Phoenix: The Five Ancestors Out of the Ashes, Book 1

Book review by
Mary Eisenhart, Common Sense Media
Phoenix: The Five Ancestors Out of the Ashes, Book 1 Book Poster Image
Exciting adventure of bike racing, kung fu, Chinese myth.

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A lot or a little?

The parents' guide to what's in this book.

Educational Value

Phoenix's travels take him from his Indiana home through modern-day China and Texas, and young readers will pick up some knowledge about those places, as well as a bit of Chinese vocabulary. They'll also get an inside, age-appropriate look at the hot current issues of high-stakes, money-driven sports, and the substance abuse and other tactics the unscrupulous use to get ahead.

Positive Messages

While Phoenix and his friends engage in a lot of martial arts combat, some deadly serious, the overall messages here are positive ones of love and loyalty. Phoenix also learns that careless treatment of friends in everyday situations can lead to unexpected bad consequences. Cheating, especially in bike races, is scorned.

Positive Role Models & Representations

Phoenix is a good role model in his love for his grandfather, his courage and fundamental kindness, his dedication to his sport, and his ability to learn from his mistakes. Hú Dié is a complex character whose family seems habitually involved in shady activity, but whose resourcefulness, bicycle prowess, and kung fu skills save the day several times. Phoenix's grandfather is doing an excellent job of raising his grandson and instilling good values.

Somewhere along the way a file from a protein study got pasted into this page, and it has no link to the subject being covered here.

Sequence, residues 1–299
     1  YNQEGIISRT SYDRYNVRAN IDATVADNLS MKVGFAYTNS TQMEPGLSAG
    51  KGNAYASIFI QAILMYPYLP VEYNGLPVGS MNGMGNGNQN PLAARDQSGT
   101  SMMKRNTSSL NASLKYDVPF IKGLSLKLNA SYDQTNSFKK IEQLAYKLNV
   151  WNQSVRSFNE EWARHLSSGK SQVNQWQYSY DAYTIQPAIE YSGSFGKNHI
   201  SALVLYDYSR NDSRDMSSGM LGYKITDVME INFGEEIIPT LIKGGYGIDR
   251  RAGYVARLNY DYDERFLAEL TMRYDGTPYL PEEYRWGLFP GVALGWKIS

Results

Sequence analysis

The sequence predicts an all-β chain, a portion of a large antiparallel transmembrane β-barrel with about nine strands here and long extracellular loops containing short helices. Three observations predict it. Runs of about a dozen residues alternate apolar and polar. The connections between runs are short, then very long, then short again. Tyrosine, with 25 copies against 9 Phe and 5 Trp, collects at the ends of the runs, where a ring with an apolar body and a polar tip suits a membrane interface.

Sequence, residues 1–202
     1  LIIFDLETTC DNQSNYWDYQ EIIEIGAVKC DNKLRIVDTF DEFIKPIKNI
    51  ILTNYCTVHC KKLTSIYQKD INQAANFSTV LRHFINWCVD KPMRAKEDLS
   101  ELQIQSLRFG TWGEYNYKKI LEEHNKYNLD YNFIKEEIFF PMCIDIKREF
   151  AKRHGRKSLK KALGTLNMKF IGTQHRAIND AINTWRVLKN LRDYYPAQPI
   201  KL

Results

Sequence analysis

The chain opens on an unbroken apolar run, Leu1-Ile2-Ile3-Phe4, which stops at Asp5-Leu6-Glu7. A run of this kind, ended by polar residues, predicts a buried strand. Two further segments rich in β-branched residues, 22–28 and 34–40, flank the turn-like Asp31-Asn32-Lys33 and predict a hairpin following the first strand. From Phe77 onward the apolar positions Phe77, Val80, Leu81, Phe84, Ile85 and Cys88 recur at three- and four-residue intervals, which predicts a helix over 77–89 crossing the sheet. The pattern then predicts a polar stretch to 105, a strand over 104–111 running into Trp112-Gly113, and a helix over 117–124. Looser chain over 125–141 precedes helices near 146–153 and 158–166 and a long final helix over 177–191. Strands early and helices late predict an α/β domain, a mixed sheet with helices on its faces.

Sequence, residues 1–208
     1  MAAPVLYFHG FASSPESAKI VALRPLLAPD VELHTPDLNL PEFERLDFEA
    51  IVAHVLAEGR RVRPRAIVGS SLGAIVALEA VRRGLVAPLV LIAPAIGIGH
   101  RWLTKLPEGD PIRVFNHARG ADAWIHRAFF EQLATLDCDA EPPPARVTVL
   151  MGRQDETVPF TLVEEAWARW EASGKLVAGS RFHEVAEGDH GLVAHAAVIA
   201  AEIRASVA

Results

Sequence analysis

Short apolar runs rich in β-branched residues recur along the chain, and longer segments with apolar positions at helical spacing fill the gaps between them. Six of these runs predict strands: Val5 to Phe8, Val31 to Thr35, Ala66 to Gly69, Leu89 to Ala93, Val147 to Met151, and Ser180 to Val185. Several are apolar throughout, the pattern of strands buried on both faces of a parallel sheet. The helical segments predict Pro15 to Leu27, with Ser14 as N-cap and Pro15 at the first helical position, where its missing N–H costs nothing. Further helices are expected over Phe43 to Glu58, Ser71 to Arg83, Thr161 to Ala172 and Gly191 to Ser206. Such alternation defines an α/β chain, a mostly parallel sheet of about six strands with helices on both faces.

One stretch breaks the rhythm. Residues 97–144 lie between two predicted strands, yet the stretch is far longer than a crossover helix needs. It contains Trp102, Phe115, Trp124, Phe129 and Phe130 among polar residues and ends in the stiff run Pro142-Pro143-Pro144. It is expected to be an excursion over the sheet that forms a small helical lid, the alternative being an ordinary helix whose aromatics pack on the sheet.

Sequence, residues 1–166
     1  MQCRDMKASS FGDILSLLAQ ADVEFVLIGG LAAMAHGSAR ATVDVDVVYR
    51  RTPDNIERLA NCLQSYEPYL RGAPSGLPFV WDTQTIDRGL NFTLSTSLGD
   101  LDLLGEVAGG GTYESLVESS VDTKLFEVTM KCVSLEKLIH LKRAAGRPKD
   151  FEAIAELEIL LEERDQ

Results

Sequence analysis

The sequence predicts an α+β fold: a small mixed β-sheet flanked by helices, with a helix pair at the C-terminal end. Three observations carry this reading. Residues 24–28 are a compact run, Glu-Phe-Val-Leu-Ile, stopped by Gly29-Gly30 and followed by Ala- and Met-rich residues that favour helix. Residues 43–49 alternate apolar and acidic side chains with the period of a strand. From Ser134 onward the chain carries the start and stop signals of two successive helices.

Sometimes-deadly gunplay, attacks by street thugs, and lots of kung fu fighting. A number of (generally villainous) characters end up dead. One of them uses his horse and his dog to attack the kids, but the animals don't come to real harm. Rather than being scary or gory, the violence tends toward the enthusiastically cartoonish and slightly unreal, thanks in part to the mythic elements. Some kids' parents, including Phoenix's, have died before the story starts, which influences the teens' motivation and character.


There may be some future romance in the cards for Phoenix and the slightly older Chinese girl Hú Dié, but for the moment they're both far more interested in kung fu and fast bicyles.


Phoenix's grandfather drives an old Ford Ranger; Hú Dié is obsessed with shopping at Lance Armstrong's bicycle store in Austin, Texas.

Drinking, Drugs & Smoking

The subject of sports doping -- and why it's bad -- is integral to the story. Numerous favorable references to Lance Armstrong, still perceived as squeaky clean at the time of the book's publication, lend a certain unwitting irony.

What parents need to know